Are intelligence work and public service two sides of the same coin? The question became topical again as the Italian electoral college negotiated over Italy’s next president. Amid those discussions, the names of prominent inter figures cropped up.
Some believe that the very possibility of a 007 chief aspiring to lead a government or a State is incompatible with a Western democracy. Adolfo Urso, an opposition senator and head of COPASIR – the parliamentary committee that oversees the country’s security and intelligence policies – thinks otherwise.
“I fear that this controversy is the result of a culture that still looks at the apparatus of the State with suspicion,” he told Decode39 before pointing at the United Kingdom, the United States and Israel, where intelligence officials have ended up in the upper echelons of government.
In those countries, said the senator, “no one is shocked if a top intelligence officer aspires to public office. The Anglo-Saxon world boasts a consolidated culture of intelligence which sees the security service as an honour, not the other way around.”
The Italian controversy centred around two names: Elisabetta Belloni, the director of DIS, which is the top intelligence agency, and her predecessor Giampiero Massolo, both of whom were considered for the presidential seat during the negotiations.
The head of COPASIR believes they are “two people with an institutional career that speaks for itself.” Both have been ambassadors for years and have worked as secretaries-general of the Ministry of Foreign Affairs. And, as Mr Urso says, “they have demonstrated vision and strategic skills as well as impartial management of the public service.”
Ms Belloni, whose appointment at the DIS is very recent, had been mentioned in the past as a valid choice for Prime Minister and a possible replacement for PM Mario Draghi in case he ended up becoming president. That latter case begs the question: could the head of the secret service have taken the reins of a well-developed democracy?
It already happened elsewhere, without scandal or controversy, as Mr Urso pointed out. “Case in point: George Bush. Before becoming President of the United States, he was Director of the CIA. Which, unlike the DIS – which coordinates the entire intelligence sector – has a truly operative function. Not to mention that the American president has more extensive powers than our Head of State and is Commander in Chief.”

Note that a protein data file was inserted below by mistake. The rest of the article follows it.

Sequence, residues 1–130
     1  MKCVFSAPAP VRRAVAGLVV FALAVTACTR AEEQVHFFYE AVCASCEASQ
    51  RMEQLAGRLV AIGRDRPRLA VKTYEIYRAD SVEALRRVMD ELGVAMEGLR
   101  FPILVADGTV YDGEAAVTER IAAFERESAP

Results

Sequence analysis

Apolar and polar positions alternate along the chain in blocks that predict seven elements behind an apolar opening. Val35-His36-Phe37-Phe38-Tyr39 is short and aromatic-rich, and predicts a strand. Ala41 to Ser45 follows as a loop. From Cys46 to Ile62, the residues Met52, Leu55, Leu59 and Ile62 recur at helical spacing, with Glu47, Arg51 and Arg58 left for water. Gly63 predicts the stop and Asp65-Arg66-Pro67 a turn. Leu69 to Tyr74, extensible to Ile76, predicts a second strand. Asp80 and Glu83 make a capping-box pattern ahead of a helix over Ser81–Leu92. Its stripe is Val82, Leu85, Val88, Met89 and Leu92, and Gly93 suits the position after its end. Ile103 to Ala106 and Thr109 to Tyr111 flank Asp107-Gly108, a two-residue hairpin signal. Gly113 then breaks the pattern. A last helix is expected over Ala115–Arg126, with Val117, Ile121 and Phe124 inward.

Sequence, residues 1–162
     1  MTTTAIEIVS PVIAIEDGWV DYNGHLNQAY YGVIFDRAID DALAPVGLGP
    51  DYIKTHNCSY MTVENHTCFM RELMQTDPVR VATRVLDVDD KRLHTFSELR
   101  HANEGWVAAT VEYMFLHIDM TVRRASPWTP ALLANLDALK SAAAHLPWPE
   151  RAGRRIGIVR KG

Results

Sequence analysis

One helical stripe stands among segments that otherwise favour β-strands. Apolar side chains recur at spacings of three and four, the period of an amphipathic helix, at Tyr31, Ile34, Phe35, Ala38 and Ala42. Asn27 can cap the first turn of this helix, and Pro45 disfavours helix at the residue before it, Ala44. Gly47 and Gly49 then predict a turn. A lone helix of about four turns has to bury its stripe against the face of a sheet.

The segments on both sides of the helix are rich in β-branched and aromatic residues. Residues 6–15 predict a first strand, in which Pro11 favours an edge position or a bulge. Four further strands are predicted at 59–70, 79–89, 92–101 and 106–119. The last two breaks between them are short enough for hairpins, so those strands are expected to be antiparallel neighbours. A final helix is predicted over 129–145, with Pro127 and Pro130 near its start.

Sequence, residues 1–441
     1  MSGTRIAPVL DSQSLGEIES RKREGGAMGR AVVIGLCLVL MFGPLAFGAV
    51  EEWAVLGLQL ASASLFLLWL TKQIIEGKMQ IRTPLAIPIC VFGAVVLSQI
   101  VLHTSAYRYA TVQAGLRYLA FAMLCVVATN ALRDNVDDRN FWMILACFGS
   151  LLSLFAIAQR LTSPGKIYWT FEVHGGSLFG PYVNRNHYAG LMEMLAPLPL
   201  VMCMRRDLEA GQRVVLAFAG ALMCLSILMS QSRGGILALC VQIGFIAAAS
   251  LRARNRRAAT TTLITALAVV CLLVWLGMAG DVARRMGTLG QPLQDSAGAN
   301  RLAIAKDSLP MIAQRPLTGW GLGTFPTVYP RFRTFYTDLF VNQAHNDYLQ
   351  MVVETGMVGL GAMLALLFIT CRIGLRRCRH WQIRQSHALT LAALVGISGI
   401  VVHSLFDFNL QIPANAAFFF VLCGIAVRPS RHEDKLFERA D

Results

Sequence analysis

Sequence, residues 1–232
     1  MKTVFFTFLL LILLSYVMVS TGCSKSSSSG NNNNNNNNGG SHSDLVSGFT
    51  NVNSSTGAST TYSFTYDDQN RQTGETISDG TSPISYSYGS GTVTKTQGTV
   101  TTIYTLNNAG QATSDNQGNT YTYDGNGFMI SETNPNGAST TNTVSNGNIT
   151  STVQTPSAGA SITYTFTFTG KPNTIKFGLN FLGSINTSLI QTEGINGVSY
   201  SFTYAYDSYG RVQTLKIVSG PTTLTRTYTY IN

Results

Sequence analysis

His wealth of experience in the intelligence field, continued Mr Urso, contributed to shape him into “one of the most foresighted and brilliant interpreters of the end of the Cold War, and thus decisive in the fall of the USSR.”
There have been Italian cases, too. Such as Gianni De Gennaro, who was Chief of Police, then Director of DIS and State Undersecretary for Intelligence, an extraordinary career which led him to become President of shipbuilding titan Finmeccanica.
Senator Urso also spoke of Franco Gabrielli, who has been Director of Italy’s internal secret services, (an operative agency), then Prefect of Rome, Chief of Police, and is now Undersecretary for Intelligence and Cybersecurity (you can read Decode39’s interview).
“Is it a matter of revolving doors,” posited Mr Urso, “or rather of great qualities developed on the basis of different experiences, all the more useful in the current context?” What’s more, he added, there have been instances of MPs becoming directors of intelligence without anyone raising problems of incompatibility or ineligibility, just as there are no problems with high ranks in the Armed Forces.